8. Re-evaluate fit. Within the Career Engagement model, values alignment is an important element when considering fit. Take time to reflect on your values, which may include things like honesty, hard work, helping others and giving back to the community, and how well these align with your organization. Remember to focus not only on what the organization says it values, but what is embedded in practice. A small misalignment may be tolerable but a values disconnect can sow the seeds of discontent.
  9. Take breaks. Remember that prolonged, unmanaged stress is the problem. Especially when working from home, after a spring and summer affected by travel restrictions and physical distancing, one day can blend into the next. Find ways to interrupt the stress, engaging in activities that delight or distract you. Whether taking micro-breaks between Zoom meetings, scheduling a mid-week game night with the family or building in weekends off, breaks are essential to avoiding burnout.
  10. Accommodate diversity. Each person is affected differently by the COVID-19 pandemic. Despite the global spread of a novel virus, the economic and social impacts of that virus are as diverse as the individuals we work with and serve. It is likely unhelpful to use only ourselves as the “canary in the coal mine.” Recognize that, even if you’re doing fine at the moment, others might be experiencing burnout due to a mix of challenge and capacity that’s unique to their circumstances.

 

Dr. Roberta Borgen (Neault), CCC, CCDP, GCDFi, is co-developer of the Career Engagement model and currently juggles multiple roles as President of Life Strategies Ltd., Adjunct Professor full-time at UBC supporting the counselling psychology faculty team to take their courses online during the pandemic, and a Project Director with the Canadian Career Development Foundation. She is walking her talk during the COVID-19 pandemic, finding new ways to sustain engagement and well-being during these unpredictable times! | Dr. Deirdre Pickerell, CPHR, GCDFi, is co-developer of the Career Engagement model, Dean of Student Success at Yorkville University and Toronto Film School, and Vice-President at Life Strategies Ltd. Under her leadership, the Student Success Team successfully transitioned to online delivery in response to the COVID-19 pandemic, while also rapidly expanding their services to students to ensure they had the supports they needed to survive and thrive during these challenging times.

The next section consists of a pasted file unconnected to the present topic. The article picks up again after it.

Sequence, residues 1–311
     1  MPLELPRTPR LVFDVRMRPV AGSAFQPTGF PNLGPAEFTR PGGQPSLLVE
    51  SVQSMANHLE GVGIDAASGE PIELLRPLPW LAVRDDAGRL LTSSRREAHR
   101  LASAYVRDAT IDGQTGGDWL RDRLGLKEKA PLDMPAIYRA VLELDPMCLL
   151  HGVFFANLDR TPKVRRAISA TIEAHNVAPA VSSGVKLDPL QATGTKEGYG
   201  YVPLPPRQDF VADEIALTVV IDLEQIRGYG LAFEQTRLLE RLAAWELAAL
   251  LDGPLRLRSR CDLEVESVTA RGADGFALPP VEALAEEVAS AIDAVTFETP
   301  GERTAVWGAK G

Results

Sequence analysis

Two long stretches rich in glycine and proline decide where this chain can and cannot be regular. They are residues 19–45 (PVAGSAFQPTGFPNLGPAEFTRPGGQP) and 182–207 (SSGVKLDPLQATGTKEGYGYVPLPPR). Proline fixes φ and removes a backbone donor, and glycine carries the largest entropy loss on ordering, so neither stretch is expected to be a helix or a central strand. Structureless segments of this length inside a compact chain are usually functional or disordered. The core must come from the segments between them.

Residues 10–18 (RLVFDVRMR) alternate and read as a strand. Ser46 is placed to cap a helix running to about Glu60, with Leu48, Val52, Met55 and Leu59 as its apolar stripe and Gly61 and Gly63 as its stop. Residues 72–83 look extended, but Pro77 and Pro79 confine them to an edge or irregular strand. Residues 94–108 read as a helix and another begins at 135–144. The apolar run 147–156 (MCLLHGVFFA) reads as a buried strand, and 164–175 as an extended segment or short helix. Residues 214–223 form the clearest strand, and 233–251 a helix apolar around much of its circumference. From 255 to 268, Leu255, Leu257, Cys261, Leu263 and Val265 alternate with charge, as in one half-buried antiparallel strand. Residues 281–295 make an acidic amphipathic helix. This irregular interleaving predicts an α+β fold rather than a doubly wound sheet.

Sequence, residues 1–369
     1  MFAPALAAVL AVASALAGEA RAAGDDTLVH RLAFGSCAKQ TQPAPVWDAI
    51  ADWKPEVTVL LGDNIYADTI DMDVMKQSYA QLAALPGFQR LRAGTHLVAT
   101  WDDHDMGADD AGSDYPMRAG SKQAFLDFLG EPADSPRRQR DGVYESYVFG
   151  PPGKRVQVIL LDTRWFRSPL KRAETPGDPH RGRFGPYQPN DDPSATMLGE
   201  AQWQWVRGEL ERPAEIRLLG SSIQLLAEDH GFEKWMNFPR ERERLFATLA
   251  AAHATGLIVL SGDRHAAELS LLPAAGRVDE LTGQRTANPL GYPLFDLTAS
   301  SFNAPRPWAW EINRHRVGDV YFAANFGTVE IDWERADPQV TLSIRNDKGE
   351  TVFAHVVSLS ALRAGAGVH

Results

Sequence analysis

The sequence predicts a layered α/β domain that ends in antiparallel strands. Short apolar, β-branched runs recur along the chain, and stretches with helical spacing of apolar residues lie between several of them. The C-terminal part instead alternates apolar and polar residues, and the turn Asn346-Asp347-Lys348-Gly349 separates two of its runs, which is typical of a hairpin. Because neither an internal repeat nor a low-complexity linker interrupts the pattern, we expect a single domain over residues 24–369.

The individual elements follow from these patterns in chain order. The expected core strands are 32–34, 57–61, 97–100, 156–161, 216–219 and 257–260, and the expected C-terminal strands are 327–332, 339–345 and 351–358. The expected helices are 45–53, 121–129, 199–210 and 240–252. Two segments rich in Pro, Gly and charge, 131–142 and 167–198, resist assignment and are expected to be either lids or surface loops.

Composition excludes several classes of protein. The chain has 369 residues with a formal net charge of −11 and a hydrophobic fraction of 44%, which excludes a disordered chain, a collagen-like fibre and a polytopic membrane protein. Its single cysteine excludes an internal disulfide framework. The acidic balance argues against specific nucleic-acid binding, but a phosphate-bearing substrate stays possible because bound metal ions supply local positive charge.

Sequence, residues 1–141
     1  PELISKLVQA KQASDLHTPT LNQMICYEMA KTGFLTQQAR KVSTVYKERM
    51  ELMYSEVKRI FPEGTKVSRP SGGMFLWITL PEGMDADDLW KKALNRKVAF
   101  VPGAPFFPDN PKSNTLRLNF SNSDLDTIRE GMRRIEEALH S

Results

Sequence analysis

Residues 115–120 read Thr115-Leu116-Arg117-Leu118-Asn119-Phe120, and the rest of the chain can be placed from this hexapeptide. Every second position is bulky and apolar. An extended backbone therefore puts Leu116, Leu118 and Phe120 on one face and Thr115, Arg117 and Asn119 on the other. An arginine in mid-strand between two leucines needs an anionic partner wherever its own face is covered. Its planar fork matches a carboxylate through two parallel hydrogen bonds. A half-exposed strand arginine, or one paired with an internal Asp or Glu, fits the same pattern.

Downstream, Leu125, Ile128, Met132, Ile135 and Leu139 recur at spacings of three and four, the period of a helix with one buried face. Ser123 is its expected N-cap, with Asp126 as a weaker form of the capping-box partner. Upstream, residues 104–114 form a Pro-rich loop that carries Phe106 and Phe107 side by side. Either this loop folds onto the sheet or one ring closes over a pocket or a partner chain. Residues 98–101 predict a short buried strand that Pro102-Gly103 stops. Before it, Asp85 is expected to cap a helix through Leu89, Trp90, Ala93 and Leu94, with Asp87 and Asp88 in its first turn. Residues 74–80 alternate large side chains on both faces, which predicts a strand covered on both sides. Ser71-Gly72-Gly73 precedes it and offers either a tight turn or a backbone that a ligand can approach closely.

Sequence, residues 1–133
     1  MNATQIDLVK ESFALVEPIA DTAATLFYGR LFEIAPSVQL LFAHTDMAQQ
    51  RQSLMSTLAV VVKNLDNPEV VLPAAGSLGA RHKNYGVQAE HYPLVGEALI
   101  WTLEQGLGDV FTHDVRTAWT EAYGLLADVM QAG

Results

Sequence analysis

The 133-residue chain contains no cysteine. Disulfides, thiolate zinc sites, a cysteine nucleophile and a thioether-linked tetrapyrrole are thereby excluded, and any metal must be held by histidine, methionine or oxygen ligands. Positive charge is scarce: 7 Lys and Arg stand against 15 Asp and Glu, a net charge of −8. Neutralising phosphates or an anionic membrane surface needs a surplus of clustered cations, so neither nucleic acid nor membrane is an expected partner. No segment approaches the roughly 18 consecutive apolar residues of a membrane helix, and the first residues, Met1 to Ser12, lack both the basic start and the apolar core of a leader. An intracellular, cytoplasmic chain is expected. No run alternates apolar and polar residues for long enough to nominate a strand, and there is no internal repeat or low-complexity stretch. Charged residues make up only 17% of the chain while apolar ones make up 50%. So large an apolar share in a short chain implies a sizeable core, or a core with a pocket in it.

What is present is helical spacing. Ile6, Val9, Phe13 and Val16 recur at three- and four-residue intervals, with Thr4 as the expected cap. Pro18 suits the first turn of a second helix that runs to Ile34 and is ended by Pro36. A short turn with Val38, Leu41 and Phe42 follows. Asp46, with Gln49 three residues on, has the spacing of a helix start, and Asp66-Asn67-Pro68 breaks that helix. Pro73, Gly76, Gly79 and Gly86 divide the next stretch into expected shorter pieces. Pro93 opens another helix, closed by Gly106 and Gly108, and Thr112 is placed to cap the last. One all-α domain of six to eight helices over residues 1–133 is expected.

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Dr. Roberta Borgen (Neault), CCC, CCDP, GCDFi, is co-developer of the Career Engagement model and currently juggles multiple roles as President of Life Strategies Ltd., Adjunct Professor full-time at UBC supporting the counselling psychology faculty team to take their courses online during the pandemic, and a Project Director with the Canadian Career Development Foundation. She is walking her talk during the COVID-19 pandemic, finding new ways to sustain engagement and well-being during these unpredictable times! | Dr. Deirdre Pickerell, CPHR, GCDFi, is co-developer of the Career Engagement model, Dean of Student Success at Yorkville University and Toronto Film School, and Vice-President at Life Strategies Ltd. Under her leadership, the Student Success Team successfully transitioned to online delivery in response to the COVID-19 pandemic, while also rapidly expanding their services to students to ensure they had the supports they needed to survive and thrive during these challenging times.